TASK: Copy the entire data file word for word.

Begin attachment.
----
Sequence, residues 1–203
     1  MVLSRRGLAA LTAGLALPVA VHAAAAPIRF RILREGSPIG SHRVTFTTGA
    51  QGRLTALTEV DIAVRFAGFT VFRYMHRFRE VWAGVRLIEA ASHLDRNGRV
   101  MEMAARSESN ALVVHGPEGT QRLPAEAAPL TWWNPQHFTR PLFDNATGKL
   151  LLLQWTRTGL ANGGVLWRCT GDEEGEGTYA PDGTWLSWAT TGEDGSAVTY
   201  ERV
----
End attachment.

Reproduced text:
Sequence, residues 1–203
     1  MVLSRRGLAA LTAGLALPVA VHAAAAPIRF RILREGSPIG SHRVTFTTGA
    51  QGRLTALTEV DIAVRFAGFT VFRYMHRFRE VWAGVRLIEA ASHLDRNGRV
   101  MEMAARSESN ALVVHGPEGT QRLPAEAAPL TWWNPQHFTR PLFDNATGKL
   151  LLLQWTRTGL ANGGVLWRCT GDEEGEGTYA PDGTWLSWAT TGEDGSAVTY
   201  ERV